The status of a Senate measure that would limit the amount of commercial time during children's television programs was misstated in yesterday's Style section. The bill was passed last week. (Published 7/ 25/90)
Beware, Teenage Mutant Ninja Turtles: Your minutes may be numbered.
The House yesterday approved legislation that would restrict the amount of advertising that appears during television programs aimed at children.
The measure, which passed on a voice vote, would direct the Federal Communications Commission to limit commercial time during children's programs to no more than 10 1/2 minutes per hour on weekends and 12 minutes per hour on weekdays. The restriction would apply to both over-the-air and cable programming.
The FCC could modify the limits after 1992. A similar measure is pending in the Senate.
The Bush administration opposes the limits, saying they "may constrain revenues" and result in a reduction of children's programming, according to an Office of Management and Budget statement.
A 1988 survey by the National Association of Broadcasters, a trade group, found that one in five children's shows averaged more than 12 minutes of commercials per hour. Some children's programs had as much as 14 minutes of advertising per hour, according to Action for Children's Television, an interest group.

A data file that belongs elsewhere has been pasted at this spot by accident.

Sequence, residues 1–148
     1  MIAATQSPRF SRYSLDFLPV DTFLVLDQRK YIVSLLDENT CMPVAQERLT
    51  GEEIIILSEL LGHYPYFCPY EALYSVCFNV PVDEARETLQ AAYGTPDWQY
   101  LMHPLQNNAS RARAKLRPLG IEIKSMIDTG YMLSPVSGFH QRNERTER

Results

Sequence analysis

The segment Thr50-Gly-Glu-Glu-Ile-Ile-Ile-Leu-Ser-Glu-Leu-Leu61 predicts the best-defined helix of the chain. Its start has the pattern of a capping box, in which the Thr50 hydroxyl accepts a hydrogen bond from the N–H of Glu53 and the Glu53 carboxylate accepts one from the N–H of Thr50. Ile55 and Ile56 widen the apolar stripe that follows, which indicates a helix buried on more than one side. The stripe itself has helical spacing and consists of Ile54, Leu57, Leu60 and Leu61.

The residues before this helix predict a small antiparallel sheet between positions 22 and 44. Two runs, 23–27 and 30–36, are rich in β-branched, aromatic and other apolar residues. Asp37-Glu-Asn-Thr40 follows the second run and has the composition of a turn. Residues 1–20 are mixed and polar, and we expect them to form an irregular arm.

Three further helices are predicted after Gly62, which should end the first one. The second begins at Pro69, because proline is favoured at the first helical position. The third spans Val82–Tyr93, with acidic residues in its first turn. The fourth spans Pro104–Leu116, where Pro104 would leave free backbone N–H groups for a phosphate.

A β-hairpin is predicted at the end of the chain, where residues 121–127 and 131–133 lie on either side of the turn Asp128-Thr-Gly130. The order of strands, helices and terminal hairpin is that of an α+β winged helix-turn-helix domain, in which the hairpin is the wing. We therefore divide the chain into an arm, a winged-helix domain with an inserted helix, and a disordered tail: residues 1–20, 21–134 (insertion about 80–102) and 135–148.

By contrast, prime-time programming averages less than eight minutes of commercials each hour.
"Far too long we have allowed children's TV to be driven solely by commercial considerations," said Edward J. Markey (D-Mass.), chairman of the House Energy and Commerce subcommittee on telecommunications. Children's programming, he said, should be "the video equivalent of textbooks and the classics rather than the video equivalent of a Toys R Us catalogue."
"Too often the great potential of TV to educate children has been lost," said Rep. Matthew J. Rinaldo (R-N.J.), who added that children's television had become dominated by "games, toys and cereal."
The House-passed legislation, sponsored by John Bryant (D-Tex.), would also require the FCC to review its policy on shows whose primary purpose is to promote products to children -- essentially program-length commercials -- within six months after the bill is signed into law.
Congress passed similar legislation in late 1988, but President Reagan vetoed it after lawmakers had gone home for the year.
In 1974 the FCC embraced the television industry's voluntary guidelines that called for no more than 12 minutes per hour of advertising during children's programs on weekdays and 9 1/2 minutes on weekends. The agency repealed the policy in 1984 as part of its drive to deregulate the broadcasting industry.